Shipley v. Cates

Decision Date08 August 2006
Docket NumberNo. SC 87063.,SC 87063.
Citation200 S.W.3d 529
PartiesDaniel R. SHIPLEY, Respondent, v. Ronald CATES, et al., Appellants.
CourtMissouri Supreme Court

Jeremiah W. (Jay) Nixon, Atty. Gen., Joel E. Anderson, Rikki L. Wright, Asst. Attys. Gen., Jefferson City, Roger K. Evans, New York, NY, Arthur A. Benson, II, Jamie K. Lansford, Kansas City, for appellants.

Robert D. Nienhuis, St. Louis, John D. Landwehr, Jefferson City, for respondent.

MICHAEL A. WOLFF, Chief Justice.

History of the Controversy

This is the latest and, perhaps, the last battle over whether Planned Parenthood was eligible to receive state funds to provide family planning and related gynecological care to low-income women.

The funding for such services ceased at the end of fiscal year 2003. For several years in the 1990s, the general assembly appropriated, upon the governor's request, funds to the department of health (now the department of health and senior services) for providing such care. This care included family planning services, pregnancy testing, and follow-up services. Some of the money went to local health department clinics. The Planned Parenthood entities in this litigation1 also received funds under contracts with the department for providing such care. Some of the money in the early years of state funding went to Planned Parenthood entities that perform abortions, though there is no contention that any state money was directly spent on abortion services.2

To ensure that no state money would encourage or subsidize abortions, even indirectly, the general assembly in 1999 enacted restrictions in the appropriations legislation.3 The director of the department of health signed contracts with these Planned Parenthood entities, which had reorganized their corporate structures. In the contracts, the appropriations language is construed in a way that did not exclude these reorganized entities from receiving funds for non-abortion family planning and gynecological services.

The state, through a "special assistant attorney general," sued for an injunction to halt funds to Planned Parenthood and for a refund of state money spent on such services under those contracts. The state's position, as expressed by the special assistant, was that the contract did not conform to the appropriations statute. The circuit court entered judgment that Planned Parenthood was ineligible to receive these funds and ordered repayment. This Court vacated the judgment and remanded because of a question as to the authority of the special assistant attorney general to seek the relief requested in that action. State v. Planned Parenthood of Kansas and Mid-Missouri, 37 S.W.3d 222 (Mo. banc 2001). After remand, the authority of the special assistant attorney general was restated; judgment again was entered in favor of the state. On appeal, that judgment was vacated because this Court held that the state, through the attorney general, could not take positions on both sides of the litigation. State v. Planned Parenthood of Kansas and Mid-Missouri, 66 S.W.3d 16 (Mo. banc 2002).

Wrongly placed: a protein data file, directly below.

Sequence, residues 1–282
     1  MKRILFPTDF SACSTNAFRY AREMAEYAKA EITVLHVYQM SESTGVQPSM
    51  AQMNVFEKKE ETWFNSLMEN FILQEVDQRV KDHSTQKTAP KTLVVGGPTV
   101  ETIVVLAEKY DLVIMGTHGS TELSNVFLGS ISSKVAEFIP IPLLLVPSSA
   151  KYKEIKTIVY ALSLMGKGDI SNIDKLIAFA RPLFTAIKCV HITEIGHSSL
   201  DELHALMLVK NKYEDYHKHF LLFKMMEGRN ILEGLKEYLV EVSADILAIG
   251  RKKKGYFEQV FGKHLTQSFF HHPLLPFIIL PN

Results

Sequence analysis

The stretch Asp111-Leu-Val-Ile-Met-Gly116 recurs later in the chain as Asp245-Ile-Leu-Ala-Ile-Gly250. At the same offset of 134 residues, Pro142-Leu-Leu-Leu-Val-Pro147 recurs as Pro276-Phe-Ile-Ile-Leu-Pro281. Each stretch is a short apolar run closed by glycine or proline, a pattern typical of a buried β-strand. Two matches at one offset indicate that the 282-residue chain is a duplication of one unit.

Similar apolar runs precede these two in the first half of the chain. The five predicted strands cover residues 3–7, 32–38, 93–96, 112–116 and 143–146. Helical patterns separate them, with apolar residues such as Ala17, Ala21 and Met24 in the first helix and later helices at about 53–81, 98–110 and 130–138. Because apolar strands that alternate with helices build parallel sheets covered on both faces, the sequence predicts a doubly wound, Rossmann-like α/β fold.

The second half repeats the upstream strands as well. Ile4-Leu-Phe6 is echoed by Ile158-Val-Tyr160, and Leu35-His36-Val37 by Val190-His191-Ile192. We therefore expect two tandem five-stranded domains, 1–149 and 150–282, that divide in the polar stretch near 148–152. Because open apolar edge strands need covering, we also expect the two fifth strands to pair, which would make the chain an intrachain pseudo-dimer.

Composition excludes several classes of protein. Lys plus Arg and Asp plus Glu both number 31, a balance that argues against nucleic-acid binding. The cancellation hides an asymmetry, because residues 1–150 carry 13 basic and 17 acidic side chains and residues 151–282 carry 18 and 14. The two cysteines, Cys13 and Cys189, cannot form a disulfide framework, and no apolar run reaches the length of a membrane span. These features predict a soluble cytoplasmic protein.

Upon remand after the second opinion by this Court, the attorney general moved to dismiss the action. Daniel Shipley, the taxpayer plaintiff in this case, sought to intervene. The circuit court declined to allow dismissal of the action, and the attorney general sought a writ of mandamus in this Court. In that proceeding, this Court upheld the authority of the attorney general to dismiss the action and held that Shipley did not have a right to intervene in that case. State ex rel. Planned Parenthood of Kansas and Mid-Missouri v. Kinder, 79 S.W.3d 905 (Mo. banc 2002).

Shipley's Taxpayer Lawsuit

Shipley filed this separate taxpayer's lawsuit in 2002 seeking a declaration that Planned Parenthood is ineligible to receive the family planning funding; he sought an injunction against payment of the funds to Planned Parenthood and, in an amended petition, sought restitution of funds already paid for the services that were rendered at the Planned Parenthood facilities. Planned Parenthood received $168,900.00 in state money under the contracts in fiscal year 2000 and received $499,950.00 in state money under the contracts in fiscal year 2003. In the intervening two years, the circuit court injunctions were in effect and Planned Parenthood did not participate in the program.

Shipley's lawsuit contends that Planned Parenthood was ineligible to receive family planning funds because of the restrictions in the appropriations statutes. The relevant restrictions in section 10.705 (1999) and section 10.710 (2002) are as follows:

An otherwise qualified organization shall not be disqualified from receipt of these funds because of its affiliation with an organization that provides abortion services, provided that the affiliated organization that provides abortion services is independent as determined by the conditions set forth in this section. To ensure that the state does not lend its imprimatur to abortion services, and to ensure that an organization that provides abortion services does not receive a direct or indirect economic or marketing benefit from these funds, an organization that receives these funds and its independent affiliate that provides abortion services may not share any of the following:

(a) The same or similar name;

(b) Medical or non-medical facilities, including but not limited to business offices, treatment, consultation, examination, and waiting rooms;

(c) Expenses;

(d) Employee wages or salaries; or

(e) Equipment or supplies, including but not limited to computers, telephone systems, telecommunications equipment and office supplies.

An independent affiliate that provides abortion services must be separately incorporated from any organization that receives these funds.4